The earliest record of scarve s dates back to ancient Egypt, around 1350 B.C., in which Queen Nefertiti wore a scarf attached to her headdress. They quickly became a fashion statement as well as a way to show social standing.
The Working Man’s Practicality is a Rich Man’s Fashion
In ancient Rome, scarves were initially used for more practical purposes, i.e., wiping away sweat. Men would wear these pieces of clothing while they worked as a way to keep clean. Eventually, the garment was picked up as a fashion statement by those whose work did not consist of manual labor, and within a few decades, top-ranking citizens like emperors were wearing the trend.
Even the Military Found Them Useful
Throughout history, scarve s have also had military uses. In both China and Croatia, where different ranks and branches wore various types of scarves to declare their status. Both the Chinese soldiers in 230 BC and later the Croatian soldiers differentiated status by the material from which the scarves were made from – silk for the top and cotton for the lower ranks.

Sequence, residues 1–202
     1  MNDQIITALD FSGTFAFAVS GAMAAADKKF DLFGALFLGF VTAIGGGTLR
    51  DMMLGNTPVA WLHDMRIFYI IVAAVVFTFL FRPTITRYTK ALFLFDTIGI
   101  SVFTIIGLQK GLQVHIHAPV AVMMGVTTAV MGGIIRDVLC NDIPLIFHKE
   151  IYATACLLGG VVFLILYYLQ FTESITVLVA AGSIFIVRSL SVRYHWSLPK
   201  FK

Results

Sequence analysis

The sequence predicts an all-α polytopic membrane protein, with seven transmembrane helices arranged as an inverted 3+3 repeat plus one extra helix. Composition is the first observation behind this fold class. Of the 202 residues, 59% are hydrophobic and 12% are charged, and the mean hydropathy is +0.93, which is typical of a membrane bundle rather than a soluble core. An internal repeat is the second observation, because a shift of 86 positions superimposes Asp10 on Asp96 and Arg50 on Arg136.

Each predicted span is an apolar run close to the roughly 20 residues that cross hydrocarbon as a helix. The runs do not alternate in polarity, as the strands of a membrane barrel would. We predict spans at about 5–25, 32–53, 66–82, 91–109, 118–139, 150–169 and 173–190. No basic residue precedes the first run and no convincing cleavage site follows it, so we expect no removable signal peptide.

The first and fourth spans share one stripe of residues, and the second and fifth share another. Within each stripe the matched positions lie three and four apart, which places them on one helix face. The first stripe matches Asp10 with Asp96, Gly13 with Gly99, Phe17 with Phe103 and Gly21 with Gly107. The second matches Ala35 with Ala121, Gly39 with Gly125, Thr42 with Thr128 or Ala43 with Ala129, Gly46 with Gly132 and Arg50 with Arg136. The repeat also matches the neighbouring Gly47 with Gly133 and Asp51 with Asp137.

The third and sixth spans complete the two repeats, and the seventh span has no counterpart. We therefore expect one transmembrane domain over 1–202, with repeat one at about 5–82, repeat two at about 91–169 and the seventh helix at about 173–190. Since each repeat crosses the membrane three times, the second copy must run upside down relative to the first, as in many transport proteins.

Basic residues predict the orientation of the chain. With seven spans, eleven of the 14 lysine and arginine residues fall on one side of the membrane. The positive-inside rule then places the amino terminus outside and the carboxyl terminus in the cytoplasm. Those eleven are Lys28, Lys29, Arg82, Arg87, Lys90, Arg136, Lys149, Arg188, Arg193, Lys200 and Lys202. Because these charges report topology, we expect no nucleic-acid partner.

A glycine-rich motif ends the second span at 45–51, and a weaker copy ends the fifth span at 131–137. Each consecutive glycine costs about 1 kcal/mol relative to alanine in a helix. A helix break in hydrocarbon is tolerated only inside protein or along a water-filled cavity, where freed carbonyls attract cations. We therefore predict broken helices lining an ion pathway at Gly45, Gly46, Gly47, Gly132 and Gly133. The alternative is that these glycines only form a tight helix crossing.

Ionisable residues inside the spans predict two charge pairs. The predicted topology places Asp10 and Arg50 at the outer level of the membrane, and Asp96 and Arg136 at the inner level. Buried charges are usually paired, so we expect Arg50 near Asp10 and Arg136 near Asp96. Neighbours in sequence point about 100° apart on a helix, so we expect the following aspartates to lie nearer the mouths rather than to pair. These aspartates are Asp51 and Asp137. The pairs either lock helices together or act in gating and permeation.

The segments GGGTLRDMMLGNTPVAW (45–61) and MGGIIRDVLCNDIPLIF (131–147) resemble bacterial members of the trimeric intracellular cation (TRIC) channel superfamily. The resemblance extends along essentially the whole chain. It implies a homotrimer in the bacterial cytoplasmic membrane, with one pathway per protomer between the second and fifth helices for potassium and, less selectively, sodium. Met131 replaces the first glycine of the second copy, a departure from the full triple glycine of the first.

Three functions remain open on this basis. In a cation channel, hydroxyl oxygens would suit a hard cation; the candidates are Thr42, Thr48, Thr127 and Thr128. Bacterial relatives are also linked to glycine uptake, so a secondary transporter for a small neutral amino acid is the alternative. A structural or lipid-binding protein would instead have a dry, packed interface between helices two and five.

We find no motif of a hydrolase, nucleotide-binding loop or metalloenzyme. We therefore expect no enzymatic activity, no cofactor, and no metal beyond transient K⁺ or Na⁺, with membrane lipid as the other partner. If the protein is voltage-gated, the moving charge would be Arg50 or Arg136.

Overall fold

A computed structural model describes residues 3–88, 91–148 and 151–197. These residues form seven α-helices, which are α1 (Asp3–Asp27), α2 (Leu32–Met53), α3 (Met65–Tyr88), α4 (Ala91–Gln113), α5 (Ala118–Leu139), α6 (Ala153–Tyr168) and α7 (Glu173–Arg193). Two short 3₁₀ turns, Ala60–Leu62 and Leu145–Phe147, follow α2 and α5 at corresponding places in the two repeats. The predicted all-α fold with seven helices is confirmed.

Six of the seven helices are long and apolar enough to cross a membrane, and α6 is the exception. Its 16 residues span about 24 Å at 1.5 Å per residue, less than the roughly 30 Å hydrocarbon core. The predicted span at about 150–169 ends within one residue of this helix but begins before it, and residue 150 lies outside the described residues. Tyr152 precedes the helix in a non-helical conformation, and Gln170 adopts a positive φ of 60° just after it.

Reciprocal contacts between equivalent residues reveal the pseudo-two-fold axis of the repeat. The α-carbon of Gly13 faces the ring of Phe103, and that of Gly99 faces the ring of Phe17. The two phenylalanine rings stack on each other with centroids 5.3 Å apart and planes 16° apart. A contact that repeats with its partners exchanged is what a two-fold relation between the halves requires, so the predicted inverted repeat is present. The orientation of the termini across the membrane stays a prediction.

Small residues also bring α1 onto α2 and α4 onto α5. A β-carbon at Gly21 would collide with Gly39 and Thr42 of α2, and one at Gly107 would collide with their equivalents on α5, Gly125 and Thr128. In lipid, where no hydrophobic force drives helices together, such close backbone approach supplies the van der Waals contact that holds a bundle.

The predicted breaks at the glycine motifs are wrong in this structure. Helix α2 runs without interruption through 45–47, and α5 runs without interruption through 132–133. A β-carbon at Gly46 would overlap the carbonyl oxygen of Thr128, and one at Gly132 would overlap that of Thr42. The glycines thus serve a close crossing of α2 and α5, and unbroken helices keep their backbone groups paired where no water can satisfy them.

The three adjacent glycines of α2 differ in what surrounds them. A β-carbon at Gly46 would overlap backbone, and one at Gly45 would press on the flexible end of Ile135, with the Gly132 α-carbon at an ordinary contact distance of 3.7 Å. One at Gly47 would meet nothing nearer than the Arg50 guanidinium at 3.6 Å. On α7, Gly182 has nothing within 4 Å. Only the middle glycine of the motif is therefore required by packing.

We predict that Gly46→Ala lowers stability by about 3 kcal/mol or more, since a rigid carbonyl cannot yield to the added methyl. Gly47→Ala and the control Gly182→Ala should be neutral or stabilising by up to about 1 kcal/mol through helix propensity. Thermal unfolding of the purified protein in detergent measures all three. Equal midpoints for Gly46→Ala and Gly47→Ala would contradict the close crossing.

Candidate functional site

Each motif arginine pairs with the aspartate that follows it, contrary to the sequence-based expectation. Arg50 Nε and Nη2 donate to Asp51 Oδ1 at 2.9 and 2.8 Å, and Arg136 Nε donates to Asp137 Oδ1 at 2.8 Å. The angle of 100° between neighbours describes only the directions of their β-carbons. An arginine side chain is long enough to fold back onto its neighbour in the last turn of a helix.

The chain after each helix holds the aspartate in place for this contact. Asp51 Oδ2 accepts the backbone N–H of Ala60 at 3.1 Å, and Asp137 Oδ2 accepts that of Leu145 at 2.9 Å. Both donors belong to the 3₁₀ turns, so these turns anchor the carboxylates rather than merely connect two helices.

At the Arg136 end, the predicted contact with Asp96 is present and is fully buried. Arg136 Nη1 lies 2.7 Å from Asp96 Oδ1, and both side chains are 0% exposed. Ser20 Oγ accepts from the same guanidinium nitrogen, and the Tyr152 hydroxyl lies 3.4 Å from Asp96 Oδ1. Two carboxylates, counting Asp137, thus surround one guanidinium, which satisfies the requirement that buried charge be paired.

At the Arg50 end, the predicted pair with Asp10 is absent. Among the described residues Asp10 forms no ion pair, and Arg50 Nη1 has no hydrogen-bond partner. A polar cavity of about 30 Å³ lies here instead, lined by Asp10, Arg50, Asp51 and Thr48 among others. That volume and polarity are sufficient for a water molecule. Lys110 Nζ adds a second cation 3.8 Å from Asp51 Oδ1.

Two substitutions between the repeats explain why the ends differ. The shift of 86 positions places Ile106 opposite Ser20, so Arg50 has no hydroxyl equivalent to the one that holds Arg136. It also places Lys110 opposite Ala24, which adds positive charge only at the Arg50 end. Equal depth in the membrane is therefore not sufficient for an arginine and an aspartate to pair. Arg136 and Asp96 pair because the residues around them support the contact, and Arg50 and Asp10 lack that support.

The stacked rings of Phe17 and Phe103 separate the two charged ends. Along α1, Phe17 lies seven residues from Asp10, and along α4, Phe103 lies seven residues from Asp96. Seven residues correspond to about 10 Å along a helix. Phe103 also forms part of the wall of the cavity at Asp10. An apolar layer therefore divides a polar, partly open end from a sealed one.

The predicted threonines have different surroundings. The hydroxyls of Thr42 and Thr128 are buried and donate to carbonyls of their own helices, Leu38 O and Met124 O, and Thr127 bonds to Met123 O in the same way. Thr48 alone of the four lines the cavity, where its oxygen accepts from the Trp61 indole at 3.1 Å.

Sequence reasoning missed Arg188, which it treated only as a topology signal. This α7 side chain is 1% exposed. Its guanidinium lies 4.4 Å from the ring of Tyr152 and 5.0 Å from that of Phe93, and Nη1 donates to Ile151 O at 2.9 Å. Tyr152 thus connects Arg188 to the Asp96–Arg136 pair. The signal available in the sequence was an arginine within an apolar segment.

My Scarf is Better Than Yours
Using scarves as rank distinction in the military eventually led to the garment being used to showcase class rank in Victorian England. Like in Egypt, such a trend occurred after royalty made them a popular fashion statement in the 19th century, and in this case, it was Queen Victoria. But because scarves were still typically made from an expensive material like silk, only the wealthy could afford them. When less expensive fabrics became readily available during the end of the 19th century, like rayon, scarves became readily available across the social classes.
Colors as a Reflection of the Culture
The 20th century brought with it an acceptance of scarves for both men and women in everyday attire. Changes in the political environments can be traced through the look of scarves during this century, particularly in the colors used. Scarves during wartime become completely about warmth, the material going back to whatever was readily available. The colors take on more muted tones, partly because of the restriction of resources and partly as a way to express the seriousness of the situation.
This reflection of the culture can also be seen in the 70s and 80s. The scarves became bright with bold prints, a reflection of the rebellious attitude of the youth.
There’s nothing quite as comforting as a warm neck during the chilliest months of the year, so don’t forget to send all appreciation to the late Queen Nefertiti.